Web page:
• spatula
  • chopping board
  • chef knife
  • pastry board or work surface
  • rolling pin
  • measuring cup and spoons
  • kitchen scale
  • large bowl (approx 20″
  • small bowls
  • cling wrap
  • 22″ pie pan, preferably glass, but if you don’t have it, an aluminium/non-stick is perfectly acceptable


Prior to cooking, wash your potatoes well and put them in a pot of water to cook over medium heat for about 10-15 minutes.

You will be making the dough first.

  1. In a large bowl, sift the flour, sprinkle the salt evenly and make a well in the middle. Make sure your hands are perfectly dry.
  2. Using ONLY YOUR FINGERTIPS, add 1/3 of the chopped butter chunks into the well and rub the butter into the flour. If you’re unsure about this, go to youtube and search for the “rubbing in method”. This is the easiest pastry method, so don’t panic.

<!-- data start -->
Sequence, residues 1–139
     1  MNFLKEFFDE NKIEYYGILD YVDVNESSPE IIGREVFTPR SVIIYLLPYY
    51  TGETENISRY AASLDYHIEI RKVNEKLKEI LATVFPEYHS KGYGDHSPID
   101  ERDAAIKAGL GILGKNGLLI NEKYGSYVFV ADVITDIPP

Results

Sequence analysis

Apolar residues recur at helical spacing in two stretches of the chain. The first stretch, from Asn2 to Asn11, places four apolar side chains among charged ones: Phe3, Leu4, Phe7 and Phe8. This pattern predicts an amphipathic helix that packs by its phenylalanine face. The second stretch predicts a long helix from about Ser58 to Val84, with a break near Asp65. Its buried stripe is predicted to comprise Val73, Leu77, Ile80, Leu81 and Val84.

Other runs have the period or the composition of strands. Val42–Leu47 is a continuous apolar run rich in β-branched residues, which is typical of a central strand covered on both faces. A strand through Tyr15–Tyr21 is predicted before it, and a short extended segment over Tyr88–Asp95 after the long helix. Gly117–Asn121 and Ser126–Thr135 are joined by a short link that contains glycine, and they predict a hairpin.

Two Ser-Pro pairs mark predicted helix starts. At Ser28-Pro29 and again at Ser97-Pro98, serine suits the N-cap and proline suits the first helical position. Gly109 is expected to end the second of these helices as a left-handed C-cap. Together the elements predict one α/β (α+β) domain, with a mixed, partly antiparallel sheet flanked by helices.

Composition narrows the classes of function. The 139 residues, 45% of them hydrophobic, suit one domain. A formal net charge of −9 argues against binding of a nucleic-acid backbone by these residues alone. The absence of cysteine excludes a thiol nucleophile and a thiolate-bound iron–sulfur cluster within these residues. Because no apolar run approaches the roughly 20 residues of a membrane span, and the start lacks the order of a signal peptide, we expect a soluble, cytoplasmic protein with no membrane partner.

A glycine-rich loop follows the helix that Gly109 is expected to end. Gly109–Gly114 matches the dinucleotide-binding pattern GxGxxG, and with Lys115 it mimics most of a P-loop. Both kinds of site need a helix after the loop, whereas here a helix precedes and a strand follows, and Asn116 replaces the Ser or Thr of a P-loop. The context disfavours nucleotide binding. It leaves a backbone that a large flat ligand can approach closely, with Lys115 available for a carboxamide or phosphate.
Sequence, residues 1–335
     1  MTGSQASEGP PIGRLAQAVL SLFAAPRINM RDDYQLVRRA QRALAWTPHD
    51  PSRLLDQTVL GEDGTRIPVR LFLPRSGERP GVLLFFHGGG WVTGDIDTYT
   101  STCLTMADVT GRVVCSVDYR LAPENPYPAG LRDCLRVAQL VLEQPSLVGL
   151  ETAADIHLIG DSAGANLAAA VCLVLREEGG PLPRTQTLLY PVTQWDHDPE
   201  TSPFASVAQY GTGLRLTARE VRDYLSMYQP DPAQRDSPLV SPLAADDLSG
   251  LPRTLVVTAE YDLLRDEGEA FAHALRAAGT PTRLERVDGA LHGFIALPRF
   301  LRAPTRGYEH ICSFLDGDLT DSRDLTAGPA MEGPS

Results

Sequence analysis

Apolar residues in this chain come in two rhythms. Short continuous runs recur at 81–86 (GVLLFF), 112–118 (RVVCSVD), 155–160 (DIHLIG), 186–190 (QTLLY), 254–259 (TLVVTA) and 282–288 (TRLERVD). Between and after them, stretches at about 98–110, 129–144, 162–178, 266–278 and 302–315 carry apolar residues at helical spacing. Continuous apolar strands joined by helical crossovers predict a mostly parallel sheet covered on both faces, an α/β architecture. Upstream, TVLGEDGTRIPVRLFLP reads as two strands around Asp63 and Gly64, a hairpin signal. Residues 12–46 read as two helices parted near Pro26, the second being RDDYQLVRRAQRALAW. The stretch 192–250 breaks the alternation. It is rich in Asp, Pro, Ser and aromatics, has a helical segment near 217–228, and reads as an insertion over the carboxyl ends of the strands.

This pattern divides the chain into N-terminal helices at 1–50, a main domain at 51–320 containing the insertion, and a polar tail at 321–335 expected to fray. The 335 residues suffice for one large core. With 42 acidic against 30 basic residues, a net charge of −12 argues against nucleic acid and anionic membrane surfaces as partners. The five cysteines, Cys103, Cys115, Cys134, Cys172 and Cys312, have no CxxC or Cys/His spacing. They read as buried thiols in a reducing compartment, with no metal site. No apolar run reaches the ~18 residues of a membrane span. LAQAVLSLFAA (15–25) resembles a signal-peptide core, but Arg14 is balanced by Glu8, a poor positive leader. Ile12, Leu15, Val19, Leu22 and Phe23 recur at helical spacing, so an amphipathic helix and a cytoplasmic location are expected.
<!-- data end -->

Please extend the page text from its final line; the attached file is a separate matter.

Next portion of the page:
3. Add the butter in similar amounts until you get a mixture that resembles fine breadcrumbs.
  4. Add the sugar and spread it around evenly into the mix if you want it in.
  5. Make a well in the middle again. Whisk the egg in a small bowl and pour it into the well. Mix evenly with a spatula.
  6. Add the iced water in stages of 1 tablespoon at a time and knead the dough.
  7. Continue until you’ve obtained a pliable dough that’s somewhat soft yet firm to the touch. It SHOULD NOT feel soggy, mushy or tough. Amend accordingly.
  8. Roll the dough into a ball and cover with cling wrap. Leave it to chill in the fridge until you’re done with your filling.

Preparing the filling